PS #2
    J Biomech. 2003 Sep;36(9):1309-16.
    Stretch-induced, steady-state force enhancement in single skeletal muscle fibers exceeds the isometric force at optimum fiber length.
    Rassier DE, Herzog W, Wakeling J, Syme DA.
    Source

    Faculty of Kinesiology, Human Performance Laboratory, University of Calgary, 2500, University Dr. N.W Calgary, AB T2N 1N4, Calgary, Canada.
    Abstract

    Stretch-induced force enhancement has been observed in a variety of muscle preparations and on structural levels ranging from single fibers to in vivo human muscles. It is a well-accepted property of skeletal muscle. However, the mechanism causing force enhancement has not been elucidated, although the sarcomere-length non-uniformity theory has received wide support. The purpose of this paper was to re-investigate stretch-induced force enhancement in frog single fibers by testing specific hypotheses arising from the sarcomere-length non-uniformity theory. Single fibers dissected from frog tibialis anterior (TA) and lumbricals (n=12 and 22, respectively) were mounted in an experimental chamber with physiological Ringer's solution (pH=7.5) between a force transducer and a servomotor length controller. The tetantic force-length relationship was determined. Isometric reference forces were determined at optimum length (corresponding to the maximal, active, isometric force), and at the initial and final lengths of the stretch experiments. Stretch experiments were performed on the descending limb of the force-length relationship after maximal tetanic force was reached. Stretches of 2.5-10% (TA) and 5-15% lumbricals of fiber length were performed at 0.1-1.5 fiber lengths/s. The stretch-induced, steady-state, active isometric force was always equal or greater than the purely isometric force at the muscle length from which the stretch was initiated. Moreover, for stretches of 5% fiber length or greater, and initiated near the optimum length of the fiber, the stretch-enhanced active force always exceeded the maximal active isometric force at optimum length. Finally, we observed a stretch-induced enhancement of passive force. We conclude from these results that the sarcomere length non-uniformity theory alone cannot explain the observed force enhancement, and that part of the force enhancement is associated with a passive force that is substantially greater after active compared to passive muscle stretch.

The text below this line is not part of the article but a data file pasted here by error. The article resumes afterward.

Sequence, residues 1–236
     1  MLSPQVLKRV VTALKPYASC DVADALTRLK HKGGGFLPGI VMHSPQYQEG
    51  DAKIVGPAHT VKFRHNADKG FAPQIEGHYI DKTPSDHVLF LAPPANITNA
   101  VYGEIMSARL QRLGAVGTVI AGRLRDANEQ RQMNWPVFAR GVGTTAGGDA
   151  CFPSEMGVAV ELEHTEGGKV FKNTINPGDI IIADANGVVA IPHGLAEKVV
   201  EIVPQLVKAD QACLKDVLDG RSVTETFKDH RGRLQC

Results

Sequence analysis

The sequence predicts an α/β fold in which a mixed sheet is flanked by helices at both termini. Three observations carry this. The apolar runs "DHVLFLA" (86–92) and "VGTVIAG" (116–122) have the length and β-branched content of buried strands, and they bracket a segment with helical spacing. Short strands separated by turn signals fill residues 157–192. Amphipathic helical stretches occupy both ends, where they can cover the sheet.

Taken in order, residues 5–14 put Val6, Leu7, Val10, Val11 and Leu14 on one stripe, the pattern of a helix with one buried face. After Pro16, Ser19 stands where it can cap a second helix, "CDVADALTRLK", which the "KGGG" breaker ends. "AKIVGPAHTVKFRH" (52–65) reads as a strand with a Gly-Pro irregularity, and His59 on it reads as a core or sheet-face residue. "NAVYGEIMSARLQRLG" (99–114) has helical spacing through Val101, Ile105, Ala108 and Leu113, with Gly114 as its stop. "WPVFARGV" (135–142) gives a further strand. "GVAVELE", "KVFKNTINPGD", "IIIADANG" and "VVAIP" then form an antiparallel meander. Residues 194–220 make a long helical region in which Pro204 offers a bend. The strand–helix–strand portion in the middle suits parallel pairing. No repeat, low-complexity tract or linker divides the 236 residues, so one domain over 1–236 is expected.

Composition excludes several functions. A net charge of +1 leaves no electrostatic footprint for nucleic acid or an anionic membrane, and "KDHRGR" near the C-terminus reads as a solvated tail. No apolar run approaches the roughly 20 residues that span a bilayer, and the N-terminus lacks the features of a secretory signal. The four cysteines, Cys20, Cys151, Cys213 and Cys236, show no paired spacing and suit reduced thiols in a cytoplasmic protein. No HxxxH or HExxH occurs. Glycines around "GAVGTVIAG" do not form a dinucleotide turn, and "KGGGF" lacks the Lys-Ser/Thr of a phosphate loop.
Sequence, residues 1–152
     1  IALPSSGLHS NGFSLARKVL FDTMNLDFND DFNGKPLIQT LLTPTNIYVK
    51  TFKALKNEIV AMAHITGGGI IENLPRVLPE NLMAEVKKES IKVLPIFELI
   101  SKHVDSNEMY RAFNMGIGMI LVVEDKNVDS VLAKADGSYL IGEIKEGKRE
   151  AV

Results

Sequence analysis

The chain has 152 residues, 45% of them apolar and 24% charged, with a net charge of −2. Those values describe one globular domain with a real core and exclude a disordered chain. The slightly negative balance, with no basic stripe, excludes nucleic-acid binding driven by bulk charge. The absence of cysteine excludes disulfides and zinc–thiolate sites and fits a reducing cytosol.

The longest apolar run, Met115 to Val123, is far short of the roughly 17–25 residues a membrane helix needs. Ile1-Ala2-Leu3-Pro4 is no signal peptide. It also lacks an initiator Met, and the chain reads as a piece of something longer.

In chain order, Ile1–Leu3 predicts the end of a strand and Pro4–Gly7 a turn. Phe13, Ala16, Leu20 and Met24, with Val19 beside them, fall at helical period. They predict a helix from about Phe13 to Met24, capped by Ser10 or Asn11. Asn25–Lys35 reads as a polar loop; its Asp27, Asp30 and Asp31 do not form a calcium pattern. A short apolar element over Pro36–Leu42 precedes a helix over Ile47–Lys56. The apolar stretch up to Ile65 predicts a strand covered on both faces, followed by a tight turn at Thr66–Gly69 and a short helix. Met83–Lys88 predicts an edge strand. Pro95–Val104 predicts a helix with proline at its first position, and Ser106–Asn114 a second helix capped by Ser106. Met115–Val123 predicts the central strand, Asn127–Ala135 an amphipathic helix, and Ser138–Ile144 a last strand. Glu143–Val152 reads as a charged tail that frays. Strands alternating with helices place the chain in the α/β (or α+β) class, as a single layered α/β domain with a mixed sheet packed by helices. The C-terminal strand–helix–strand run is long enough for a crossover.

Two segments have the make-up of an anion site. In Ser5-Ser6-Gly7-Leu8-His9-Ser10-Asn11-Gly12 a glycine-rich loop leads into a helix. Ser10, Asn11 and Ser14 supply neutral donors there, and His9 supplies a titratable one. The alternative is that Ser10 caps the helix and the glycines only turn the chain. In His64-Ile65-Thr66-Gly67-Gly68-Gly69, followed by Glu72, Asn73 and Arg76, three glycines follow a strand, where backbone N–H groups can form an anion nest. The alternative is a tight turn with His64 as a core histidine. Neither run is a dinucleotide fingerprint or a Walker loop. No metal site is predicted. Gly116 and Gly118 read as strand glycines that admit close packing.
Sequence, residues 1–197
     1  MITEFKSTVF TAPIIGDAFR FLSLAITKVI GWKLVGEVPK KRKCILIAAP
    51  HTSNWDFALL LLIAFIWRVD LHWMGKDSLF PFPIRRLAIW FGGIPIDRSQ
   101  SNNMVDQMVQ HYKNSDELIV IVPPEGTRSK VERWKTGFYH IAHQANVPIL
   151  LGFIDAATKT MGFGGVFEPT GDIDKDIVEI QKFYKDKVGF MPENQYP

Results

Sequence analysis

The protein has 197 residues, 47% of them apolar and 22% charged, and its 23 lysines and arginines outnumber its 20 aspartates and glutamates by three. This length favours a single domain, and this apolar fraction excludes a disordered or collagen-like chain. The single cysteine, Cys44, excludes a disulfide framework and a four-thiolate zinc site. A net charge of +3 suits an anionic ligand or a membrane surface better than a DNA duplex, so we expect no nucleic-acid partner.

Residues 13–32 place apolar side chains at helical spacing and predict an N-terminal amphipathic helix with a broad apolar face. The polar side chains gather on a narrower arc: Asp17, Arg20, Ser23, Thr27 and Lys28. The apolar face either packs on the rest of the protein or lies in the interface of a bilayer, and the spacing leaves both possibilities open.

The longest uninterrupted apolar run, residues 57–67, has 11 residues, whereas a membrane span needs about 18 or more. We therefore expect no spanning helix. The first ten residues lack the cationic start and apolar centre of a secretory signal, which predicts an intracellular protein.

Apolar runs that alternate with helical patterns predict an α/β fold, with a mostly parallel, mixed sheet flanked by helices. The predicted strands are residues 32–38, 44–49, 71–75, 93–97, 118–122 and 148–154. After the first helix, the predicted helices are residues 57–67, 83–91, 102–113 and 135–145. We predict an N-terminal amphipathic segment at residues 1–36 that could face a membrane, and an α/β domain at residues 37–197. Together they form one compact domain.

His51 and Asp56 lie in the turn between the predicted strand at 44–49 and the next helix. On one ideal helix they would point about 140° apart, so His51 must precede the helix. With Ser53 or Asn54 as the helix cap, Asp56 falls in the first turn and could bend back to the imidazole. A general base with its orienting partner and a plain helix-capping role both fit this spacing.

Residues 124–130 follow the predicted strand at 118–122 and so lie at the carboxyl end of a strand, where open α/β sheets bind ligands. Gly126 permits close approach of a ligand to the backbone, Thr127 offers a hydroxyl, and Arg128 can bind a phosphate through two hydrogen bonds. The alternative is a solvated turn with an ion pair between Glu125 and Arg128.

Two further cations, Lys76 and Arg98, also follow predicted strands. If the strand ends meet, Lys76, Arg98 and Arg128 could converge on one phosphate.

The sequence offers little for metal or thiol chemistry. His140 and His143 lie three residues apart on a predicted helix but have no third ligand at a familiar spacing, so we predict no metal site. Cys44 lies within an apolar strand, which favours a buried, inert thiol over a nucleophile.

Last edited: Feb 22, 2013
  19. julian

    julian Hall of Fame

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    A petit favor

    Maybe it would be a good idea to specify videos you use
    (probably via links)
     
  20. julian

    julian Hall of Fame

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    Do u have any specific suggestions?

    Do u have any specific suggestions?
    Can I do anything specific to investigate?
     
  21. WildVolley

    WildVolley Legend

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    Here's the video of Djokovic I've found. He hits backhands at the beginning and end.

    https://www.youtube.com/watch?v=Z_lywtCEci0

    I don't see a lot of separation of the left arm elbow from the body, but a little.

    It seems that there is a fairly standard 2hbh form with a low takeback, slight elbow extension during the forward swing of the top hand so that it is mostly straight at contact, racket dip before contact is made, and slight extension from the body.

    I also checked out some video of Safin and his doesn't look terribly different. He also has a non-loop takeback, left arm elbow extension into contact, with a mostly straight left-arm at contact and separation of the left arm elbow from the body, but not a huge distance.

    It seems that it wouldn't be too difficult to teach this shot using Djokovic as a model for the student to emulate.
     
  22. TheLambsheadrep

    TheLambsheadrep Professional

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    Been looking over the discussion, very good job guys! I did, though, find a video on the subject on virtualtennisacademy.com called Backhand Stretch Reflex. Sign up for the website and check it out